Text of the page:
Danish government announces plan to increase share in airline SAS

Ritzau/The Local
Ritzau/The Local - [email protected]
Danish government announces plan to increase share in airline SAS
Scandinavian Airlines (SAS) Airbus A320 planes parked at Copenhagen Airport in March 2020. File photo: Tt News Agency/Reuters/Ritzau Scanpix

The Danish government has an agreement with a parliamentary majority to retain and potentially increase the share of airline SAS owned by the Danish state.


The government and other parties envisage a share of between 22 and 30 percent in the financially struggling airline, Finance Minister Nicolai Wammen said at a press briefing on Friday.

“SAS is in a difficult situation. We have had to address how we react to it in Denmark,” Wammen said.

“The company is important to Danish society,” he said.


Wammen’s comments come after Sweden, which also owns part of SAS, said on Tuesday that Stockholm will not bail out the company amid its ongoing debt struggles, adding that the Swedish state will be reducing its stake in the airline.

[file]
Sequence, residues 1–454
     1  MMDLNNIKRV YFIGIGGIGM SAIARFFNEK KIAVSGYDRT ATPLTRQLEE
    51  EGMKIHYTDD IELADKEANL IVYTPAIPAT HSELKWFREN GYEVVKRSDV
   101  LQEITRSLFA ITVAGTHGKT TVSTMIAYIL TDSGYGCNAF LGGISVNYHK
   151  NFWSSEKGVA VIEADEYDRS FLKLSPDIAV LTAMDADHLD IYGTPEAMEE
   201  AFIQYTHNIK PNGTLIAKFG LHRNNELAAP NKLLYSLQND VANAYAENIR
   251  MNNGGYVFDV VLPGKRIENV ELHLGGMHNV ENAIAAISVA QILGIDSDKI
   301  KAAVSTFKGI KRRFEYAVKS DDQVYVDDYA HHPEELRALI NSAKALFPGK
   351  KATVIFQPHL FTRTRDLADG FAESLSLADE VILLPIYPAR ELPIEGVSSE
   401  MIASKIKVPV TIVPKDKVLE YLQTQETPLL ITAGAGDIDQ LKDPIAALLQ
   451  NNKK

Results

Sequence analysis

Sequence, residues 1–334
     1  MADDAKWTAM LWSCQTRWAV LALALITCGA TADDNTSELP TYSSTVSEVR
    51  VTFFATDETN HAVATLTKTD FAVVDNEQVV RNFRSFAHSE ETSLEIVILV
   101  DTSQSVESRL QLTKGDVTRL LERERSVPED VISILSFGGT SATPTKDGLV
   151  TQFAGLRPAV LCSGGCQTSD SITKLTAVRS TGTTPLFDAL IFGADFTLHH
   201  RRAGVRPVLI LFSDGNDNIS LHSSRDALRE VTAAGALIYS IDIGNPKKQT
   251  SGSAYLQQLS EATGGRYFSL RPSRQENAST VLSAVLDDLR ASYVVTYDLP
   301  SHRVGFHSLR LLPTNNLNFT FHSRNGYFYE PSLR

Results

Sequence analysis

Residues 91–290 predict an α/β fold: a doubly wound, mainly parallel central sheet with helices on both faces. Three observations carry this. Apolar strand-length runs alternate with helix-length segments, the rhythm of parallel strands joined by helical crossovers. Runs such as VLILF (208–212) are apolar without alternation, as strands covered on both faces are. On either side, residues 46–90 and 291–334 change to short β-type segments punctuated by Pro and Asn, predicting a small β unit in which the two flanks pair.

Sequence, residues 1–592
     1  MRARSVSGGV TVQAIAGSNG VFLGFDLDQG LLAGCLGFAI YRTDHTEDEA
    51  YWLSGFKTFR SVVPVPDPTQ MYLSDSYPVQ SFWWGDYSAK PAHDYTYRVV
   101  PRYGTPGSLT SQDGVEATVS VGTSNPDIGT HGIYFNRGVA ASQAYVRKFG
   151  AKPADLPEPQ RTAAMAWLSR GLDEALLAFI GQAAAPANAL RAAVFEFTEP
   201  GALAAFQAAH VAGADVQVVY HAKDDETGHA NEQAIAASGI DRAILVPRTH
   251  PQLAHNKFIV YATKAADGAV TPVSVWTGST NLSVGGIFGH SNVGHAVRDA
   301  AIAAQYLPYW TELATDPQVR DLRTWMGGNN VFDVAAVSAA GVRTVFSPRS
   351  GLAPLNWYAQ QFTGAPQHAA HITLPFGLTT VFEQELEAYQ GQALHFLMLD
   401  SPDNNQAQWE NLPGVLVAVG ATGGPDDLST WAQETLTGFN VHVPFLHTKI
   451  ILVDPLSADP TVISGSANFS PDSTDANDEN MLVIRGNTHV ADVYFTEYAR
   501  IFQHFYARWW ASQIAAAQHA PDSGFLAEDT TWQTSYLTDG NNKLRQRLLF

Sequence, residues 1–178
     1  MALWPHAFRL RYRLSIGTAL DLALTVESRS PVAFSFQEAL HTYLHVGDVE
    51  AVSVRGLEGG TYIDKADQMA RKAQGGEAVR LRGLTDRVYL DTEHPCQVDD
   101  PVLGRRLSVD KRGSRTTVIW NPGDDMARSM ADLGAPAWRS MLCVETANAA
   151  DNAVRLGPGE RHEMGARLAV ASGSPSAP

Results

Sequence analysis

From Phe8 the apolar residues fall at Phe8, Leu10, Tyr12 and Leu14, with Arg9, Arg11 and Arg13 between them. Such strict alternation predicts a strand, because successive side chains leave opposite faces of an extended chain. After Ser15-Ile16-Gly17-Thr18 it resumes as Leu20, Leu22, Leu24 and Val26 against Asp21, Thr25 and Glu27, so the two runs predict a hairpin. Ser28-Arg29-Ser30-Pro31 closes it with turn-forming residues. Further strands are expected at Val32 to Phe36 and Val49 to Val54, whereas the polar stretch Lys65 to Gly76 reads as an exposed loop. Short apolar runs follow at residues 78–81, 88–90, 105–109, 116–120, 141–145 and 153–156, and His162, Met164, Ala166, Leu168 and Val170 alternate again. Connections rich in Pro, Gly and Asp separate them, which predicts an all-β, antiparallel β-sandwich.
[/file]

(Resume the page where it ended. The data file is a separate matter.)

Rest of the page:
The crisis-hit carrier also faces potential strikes by as many as 1,000 pilots by the end of June after negotiations with trade unions broke down.  

READ ALSO: Over 1,000 SAS pilots could go on strike by late June

Denmark currently owns 21.8 percent of SAS, the same share as Sweden.

The government is prepared to convert debt owed to it by SAS, worth 3.5 billion kroner, into shares.

The Norwegian government, which sold its share in the company in 2018, was reported earlier this week to be considering a similar move.

Wammen meanwhile stated that SAS cannot expect a cash injection from the Danish state immediately. Other investors must first be secured before Copenhagen is prepared to increase its financial backing.

“Our basis for exactly where we place ourselves on ownership share will be that we get a share that is suitably robust so that we could make a new agreement, with a new major shareholder in SAS, that protects Danish interests,” he said.

If SAS is unable to convince the market that it has a viable future, the company will receive no investment, either from the market or the Danish state, Conservative financial spokesperson Rasmus Jarlov said during the briefing.

“Of course we don’t want to pour money into a company that isn’t profitable,” Jarlov said.

The government is backed by a mixture of right- and left-wing parties in its tentative plans to back SAS. Those parties are the Liberal (Venstre), Conservative, Social Liberal, Socialist People’s and Danish People’s parties.


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